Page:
Shelving, overhead racks, and a Slatwall hanging storage system will help immeasurably when it comes to keeping a garage organized. Effective garage storage systems that provide a home for everything prevent clutter from accumulating. They also make it easier to keep a garage tidy with less effort. However, with so many choices available when it comes to upgrading your garage’s storage capabilities, there’s one option you might be overlooking – a garage cabinet system.
Many homeowners might think a garage cabinet system just isn’t for them. Perhaps you don’t spend enough free time in the garage to believe such a purchase would be worth it. In addition, you might be under the impression that storage cabinetry is meant solely for garages that are owned by people with a big tool collection who love working with their hands. While a garage cabinet system is ideal for garages where vehicle maintenance and carpentry projects occur on a regular basis, the fact is that every garage can benefit from having one.
Here are seven common-sense reasons to consider a garage cabinet system for your home, regardless of how handy you are with a hammer. One of the unquestionable benefits of having a cabinet system installed in your garage is that it will significantly cut down on your floor clutter.
Even if you have a larger two or three-car garage and available storage space isn’t a pressing concern, that garage floor clutter can still be a persistent nuisance. Whether you’re tripping over clutter or finding it hard to locate tools when they’re needed, there’s a real practicality to removing things from your garage floor and keeping them neatly stored in a garage cabinet system. When cabinetry is partnered with some of those aforementioned garage storage systems like slatwall panels, you’ll be amazed at how much nicer your garage looks and feels when it’s clutter-free.
5 Different Types Of Garages For Your Home
When it comes to driveways in Werribee, Prestige Concrete Services has you covered. But what about for your garage? There comes the point in your life when you’ll probably want the advantages that come with having a garage in your home. Whether it be for parking your car or maybe just a storage space, a garage is not only a practical addition to your house but also a stylish one if done right.
Garages are also great for creating a fun little room where you can put in a pool table, table-tennis table, or maybe even a TV and some couches. There are various different types of garages you can have, and depending on what you’re going to use them for, they all have their own benefits. Here are five different types of garages you can have for your home.
Single Door Garage
This is the style that is probably most commonly found in your average house. As the name suggests, this garage only has one door. This means that the single door can be as wide as you want the garage to be. You could, ideally, fit as many cars as you want into the garage – taking into account that you’d need a massive amount of space for such a garage.
Multiple Door Garage
Obviously quite similar to a single door garage except with multiple doors. Again, this could mean as many doors as you want/are able to install. These garages feature concrete supports in between each door as a separator. Whilst they do look great on Werribee driveways, if you have a larger vehicle, they can be a bit tricky to manoeuvre in and out of. Keeping that in mind, it would be best to design a multiple door garage with plenty of room to make things easier.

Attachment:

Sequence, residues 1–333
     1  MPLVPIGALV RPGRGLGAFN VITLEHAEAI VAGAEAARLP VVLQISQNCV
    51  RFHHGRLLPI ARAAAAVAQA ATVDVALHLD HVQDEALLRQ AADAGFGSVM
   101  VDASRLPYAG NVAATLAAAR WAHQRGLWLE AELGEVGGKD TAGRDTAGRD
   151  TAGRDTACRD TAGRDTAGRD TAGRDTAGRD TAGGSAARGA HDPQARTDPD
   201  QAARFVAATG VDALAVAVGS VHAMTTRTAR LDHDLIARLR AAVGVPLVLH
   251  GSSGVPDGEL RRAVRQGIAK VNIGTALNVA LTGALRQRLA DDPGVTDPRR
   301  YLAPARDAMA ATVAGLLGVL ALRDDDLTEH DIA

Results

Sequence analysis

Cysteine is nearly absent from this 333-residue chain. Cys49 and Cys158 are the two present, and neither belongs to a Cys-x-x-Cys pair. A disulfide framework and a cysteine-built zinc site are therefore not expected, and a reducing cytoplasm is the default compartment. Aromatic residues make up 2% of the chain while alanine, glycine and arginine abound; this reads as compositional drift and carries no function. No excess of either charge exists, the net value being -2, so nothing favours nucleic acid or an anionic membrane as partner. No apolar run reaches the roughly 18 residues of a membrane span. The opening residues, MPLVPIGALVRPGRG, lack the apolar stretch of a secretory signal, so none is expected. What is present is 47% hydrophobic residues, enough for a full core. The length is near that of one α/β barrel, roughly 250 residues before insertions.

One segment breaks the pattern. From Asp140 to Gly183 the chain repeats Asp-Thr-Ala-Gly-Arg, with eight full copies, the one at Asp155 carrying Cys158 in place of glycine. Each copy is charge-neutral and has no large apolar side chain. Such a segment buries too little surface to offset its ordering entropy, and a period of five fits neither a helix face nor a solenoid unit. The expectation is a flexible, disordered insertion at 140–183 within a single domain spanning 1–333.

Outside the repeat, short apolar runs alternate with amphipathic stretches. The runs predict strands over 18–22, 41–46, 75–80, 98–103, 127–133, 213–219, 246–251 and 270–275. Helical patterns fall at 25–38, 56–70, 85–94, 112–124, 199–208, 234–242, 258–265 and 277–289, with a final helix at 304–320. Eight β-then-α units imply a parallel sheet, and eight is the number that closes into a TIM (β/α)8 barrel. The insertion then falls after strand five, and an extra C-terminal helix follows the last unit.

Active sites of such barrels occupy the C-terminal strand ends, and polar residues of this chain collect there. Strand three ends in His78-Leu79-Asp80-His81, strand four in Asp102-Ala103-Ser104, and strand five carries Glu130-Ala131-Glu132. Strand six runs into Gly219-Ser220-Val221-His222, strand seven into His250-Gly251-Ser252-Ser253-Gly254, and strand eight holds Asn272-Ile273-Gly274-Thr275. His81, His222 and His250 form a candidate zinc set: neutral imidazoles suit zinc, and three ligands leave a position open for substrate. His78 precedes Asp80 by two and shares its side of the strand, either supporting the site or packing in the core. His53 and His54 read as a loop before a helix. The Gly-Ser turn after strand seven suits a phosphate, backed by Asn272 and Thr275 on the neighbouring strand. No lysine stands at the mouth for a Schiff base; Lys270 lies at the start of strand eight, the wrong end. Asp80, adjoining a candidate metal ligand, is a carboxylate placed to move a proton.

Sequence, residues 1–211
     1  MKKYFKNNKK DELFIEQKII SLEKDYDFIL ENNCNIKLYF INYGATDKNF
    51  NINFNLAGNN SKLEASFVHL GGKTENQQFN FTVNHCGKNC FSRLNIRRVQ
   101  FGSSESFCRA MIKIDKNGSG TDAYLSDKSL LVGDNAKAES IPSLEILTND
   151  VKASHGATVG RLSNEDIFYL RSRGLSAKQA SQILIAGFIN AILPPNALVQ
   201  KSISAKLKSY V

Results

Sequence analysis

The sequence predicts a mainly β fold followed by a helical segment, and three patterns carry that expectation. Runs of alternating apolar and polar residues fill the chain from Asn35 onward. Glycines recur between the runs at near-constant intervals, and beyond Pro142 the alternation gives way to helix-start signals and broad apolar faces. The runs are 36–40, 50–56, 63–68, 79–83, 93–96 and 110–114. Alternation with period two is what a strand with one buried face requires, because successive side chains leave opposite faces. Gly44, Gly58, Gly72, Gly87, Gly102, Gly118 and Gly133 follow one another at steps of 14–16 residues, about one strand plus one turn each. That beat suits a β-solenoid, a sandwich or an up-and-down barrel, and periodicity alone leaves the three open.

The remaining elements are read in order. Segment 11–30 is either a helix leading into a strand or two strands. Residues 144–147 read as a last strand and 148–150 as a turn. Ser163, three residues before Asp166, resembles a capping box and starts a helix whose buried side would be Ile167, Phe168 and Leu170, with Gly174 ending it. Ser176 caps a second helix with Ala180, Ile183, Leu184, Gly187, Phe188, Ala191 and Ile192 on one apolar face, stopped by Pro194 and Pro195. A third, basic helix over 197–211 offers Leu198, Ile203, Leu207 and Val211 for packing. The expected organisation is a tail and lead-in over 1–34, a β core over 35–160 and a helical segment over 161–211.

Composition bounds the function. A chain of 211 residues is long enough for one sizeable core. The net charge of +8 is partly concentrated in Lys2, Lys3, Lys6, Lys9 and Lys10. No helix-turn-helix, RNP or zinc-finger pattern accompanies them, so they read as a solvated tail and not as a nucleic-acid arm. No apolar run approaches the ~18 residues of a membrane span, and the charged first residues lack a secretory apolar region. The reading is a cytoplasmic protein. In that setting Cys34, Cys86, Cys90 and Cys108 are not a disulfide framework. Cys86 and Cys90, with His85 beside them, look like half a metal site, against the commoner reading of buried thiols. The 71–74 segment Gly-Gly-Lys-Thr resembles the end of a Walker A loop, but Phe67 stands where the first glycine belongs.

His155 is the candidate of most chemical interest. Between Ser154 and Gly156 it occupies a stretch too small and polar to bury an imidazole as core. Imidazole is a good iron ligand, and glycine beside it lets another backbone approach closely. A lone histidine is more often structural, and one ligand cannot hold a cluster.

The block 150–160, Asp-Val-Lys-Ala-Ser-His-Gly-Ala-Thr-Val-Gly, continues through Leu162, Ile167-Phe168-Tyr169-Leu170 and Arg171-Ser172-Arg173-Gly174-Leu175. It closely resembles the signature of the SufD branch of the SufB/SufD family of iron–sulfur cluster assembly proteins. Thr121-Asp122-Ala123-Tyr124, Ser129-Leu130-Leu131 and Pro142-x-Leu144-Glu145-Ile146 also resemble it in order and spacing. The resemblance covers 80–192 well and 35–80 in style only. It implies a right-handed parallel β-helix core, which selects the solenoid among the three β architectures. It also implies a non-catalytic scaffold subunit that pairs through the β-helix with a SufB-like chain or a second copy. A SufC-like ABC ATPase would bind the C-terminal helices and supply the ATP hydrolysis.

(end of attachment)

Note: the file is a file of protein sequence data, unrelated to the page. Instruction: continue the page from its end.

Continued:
When people hear the word garage, they generally automatically envision one that is attached to a house. Well, you can also build garages that are not attached. These would be detached garages, and they can look very cool in the Werribee area. Whether they’re placed on driveways or not, these garages can still have either single or multiple doors. Though usually, if they’re placed away from your driveway, they act like less of a place to store your car and more as a place to store other things.
A cool, modern option for a detached garage could be to build a breezeway between the garage and your home. This could be just a simple path, or you could even add shelter above the path for a more controlled climate. This also makes it easier in wet weather to go between your house and your garage.
Non-front Facing Garages
Your garage doesn’t have to face your driveway. Depending on the size and layout of your property, you can put your garage doors on the side, facing away to your neighbours, or even in the back, with the doors facing the property behind you – if you have a large enough backyard. These will give your driveway a different look from the rest of your neighbourhood.
This can mean two different things. You could have multiple levels for actually parking your cars, or you could have one level for parking your car and a level on top for virtually anything else. As mentioned earlier, this top-level could be a chill, hang-out room where you can wind down and have some fun.
Alternatively, you could install a parking lift and have the second level as a parking space as well. These aren’t exactly cheap accessories to purchase and have installed, but once they’re in, you’ll most likely use them daily – depending on how often you drive, of course. Add two doors to a multi-level garage, and one door can be for the ground parking space and the other for the second level of your Werribee driveway. Depending on what you choose to make your second level, you can have a concrete floor – which would work especially well if you choose to park your car there.